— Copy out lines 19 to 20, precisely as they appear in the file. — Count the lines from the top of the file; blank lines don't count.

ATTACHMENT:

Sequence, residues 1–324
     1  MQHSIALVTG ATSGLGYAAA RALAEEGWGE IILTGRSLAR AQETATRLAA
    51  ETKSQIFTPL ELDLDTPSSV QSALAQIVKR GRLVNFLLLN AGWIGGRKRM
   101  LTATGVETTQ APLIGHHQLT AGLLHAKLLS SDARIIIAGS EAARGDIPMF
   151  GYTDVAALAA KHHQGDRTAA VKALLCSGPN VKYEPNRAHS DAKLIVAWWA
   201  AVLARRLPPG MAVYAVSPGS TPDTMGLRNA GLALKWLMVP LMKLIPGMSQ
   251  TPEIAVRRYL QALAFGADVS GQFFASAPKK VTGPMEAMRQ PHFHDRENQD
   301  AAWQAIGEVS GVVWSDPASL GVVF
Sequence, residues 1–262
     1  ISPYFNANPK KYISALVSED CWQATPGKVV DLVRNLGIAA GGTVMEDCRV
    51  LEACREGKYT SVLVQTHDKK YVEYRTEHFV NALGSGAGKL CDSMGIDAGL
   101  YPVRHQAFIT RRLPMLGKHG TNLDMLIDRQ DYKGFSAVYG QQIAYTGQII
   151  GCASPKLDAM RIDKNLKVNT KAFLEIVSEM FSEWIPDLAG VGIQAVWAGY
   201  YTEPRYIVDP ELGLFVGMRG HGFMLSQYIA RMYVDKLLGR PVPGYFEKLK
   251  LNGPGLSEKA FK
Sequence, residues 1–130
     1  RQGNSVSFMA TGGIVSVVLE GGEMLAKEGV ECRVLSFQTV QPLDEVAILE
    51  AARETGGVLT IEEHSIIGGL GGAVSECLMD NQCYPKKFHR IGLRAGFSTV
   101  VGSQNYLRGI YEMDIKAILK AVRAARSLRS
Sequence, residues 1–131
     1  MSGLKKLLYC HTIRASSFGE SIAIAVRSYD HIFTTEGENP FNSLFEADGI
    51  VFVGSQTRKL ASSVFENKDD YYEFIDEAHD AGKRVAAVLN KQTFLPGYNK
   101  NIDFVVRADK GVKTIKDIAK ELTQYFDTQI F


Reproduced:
   101  VGSQNYLRGI YEMDIKAILK AVRAARSLRS
Sequence, residues 1–131